This month we offer this good heat, a canyon.
Next month we stay
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M. A. Dubbs is an award-winning Mexican-American and LGBT poet from Indiana. For over a decade, Dubbs has published writing in magazines and anthologies across six countries. She is the author of An American Mujer through Bottlecap Press (2022) and served as judge for Indiana’s Poetry Out Loud Competition. She recently won the 2023 Holden Vaughn Spangler Award from River City College MUSE.
Outside my hometown is a canyon about a half-mile wide. Most of it belongs to the Bureau of Land Management and various oil drilling companies. In the center is a wash you can drive down. It goes on for a few miles before ending at a locked cattle gate. From there it’s private ranch land all the way out to Colorado. It has an official name, but everybody calls it Chokecherry Canyon.
In high school, my buddy Alex and I would get out of class and head straight there. We’d go in my old Camry or in his brother’s pickup truck, smoking Newports with the windows down, blasting that one song we both liked, yelling out the lyrics as loud as we could while the wheels spun along the sandy curves in the road. When we smoked our cigarettes down to the filter we stuffed them in an old plastic juice bottle I kept in the backseat. He used to just toss the butts out the window until I got mad at him for it. Sometimes, when we’d park and look out at the sagebrush, he’d suddenly put his arms around my shoulders, bring me down to his chest, and laugh. I’d push my hands against him and try to wrestle out of his grip as if I didn’t like it.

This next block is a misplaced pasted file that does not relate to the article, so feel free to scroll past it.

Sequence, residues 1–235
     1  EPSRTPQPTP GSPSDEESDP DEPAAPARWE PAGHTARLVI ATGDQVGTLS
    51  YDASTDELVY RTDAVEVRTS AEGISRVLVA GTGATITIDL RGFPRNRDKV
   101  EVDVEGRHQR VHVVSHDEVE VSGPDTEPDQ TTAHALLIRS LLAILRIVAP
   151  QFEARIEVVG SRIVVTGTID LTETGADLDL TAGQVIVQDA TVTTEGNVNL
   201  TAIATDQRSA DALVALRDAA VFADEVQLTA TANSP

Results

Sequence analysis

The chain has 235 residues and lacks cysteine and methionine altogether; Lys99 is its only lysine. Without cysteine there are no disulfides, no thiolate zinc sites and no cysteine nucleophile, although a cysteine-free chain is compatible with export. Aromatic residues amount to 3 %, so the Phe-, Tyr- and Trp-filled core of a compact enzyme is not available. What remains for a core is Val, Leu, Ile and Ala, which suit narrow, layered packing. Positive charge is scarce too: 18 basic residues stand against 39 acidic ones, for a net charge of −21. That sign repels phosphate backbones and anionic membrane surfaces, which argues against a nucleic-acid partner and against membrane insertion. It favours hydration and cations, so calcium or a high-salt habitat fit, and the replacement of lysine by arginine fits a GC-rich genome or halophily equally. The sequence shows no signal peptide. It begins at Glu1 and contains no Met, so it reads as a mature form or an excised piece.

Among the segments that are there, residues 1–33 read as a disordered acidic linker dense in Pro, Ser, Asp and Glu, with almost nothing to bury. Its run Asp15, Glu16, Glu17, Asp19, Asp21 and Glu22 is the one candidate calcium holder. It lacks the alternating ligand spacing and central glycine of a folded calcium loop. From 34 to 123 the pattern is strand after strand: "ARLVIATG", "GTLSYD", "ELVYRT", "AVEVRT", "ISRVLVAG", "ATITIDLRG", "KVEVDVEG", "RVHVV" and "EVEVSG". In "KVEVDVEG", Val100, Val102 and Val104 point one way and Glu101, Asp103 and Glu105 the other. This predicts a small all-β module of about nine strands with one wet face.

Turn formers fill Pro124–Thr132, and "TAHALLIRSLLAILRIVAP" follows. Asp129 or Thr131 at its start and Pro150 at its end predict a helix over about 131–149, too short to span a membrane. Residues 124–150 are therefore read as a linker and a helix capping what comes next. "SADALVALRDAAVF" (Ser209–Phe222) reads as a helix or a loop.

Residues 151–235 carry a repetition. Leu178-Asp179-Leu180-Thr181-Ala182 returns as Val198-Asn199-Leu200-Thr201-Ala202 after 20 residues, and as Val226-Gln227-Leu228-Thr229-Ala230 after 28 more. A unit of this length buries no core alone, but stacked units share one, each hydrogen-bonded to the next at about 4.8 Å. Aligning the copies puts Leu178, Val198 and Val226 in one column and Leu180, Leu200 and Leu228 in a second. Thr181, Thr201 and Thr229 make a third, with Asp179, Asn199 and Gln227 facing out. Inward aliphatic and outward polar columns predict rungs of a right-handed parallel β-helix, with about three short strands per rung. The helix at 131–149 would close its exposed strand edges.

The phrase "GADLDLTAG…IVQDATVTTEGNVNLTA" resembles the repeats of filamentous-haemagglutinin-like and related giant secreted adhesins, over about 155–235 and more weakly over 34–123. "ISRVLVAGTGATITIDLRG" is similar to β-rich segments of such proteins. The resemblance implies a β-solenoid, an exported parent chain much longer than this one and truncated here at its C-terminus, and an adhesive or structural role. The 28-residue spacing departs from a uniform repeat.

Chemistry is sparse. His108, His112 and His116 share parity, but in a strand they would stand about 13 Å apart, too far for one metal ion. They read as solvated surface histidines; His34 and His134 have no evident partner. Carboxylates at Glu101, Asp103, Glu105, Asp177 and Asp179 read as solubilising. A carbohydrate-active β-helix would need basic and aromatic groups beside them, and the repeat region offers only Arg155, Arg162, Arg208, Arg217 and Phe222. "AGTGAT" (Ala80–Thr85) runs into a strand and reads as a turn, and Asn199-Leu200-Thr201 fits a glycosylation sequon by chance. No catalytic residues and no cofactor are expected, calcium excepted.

He would end up spending time in jail for a drunk and disorderly and my parents would forbid me from moving out to the city with him for college. Now he works on a cattle ranch in North Dakota and we don’t talk anymore. Sometimes I wonder what kind of things he does there, how he looks now, if he smells the same.
At some point, the bottle of cigarette butts rolled under the passenger seat and, having quit smoking, I forget about it. Years later, cleaning out the Camry before selling it, I find the bottle again. There must be a hundred of our stubs in there, the bottom half of the bottle now a sludge of tobacco and strips of orange filter paper. Before tossing it in the trash, I have an urge to unscrew the cap and drink it down, nicotine and spit and all.
Kody Owen is an English student from rural New Mexico.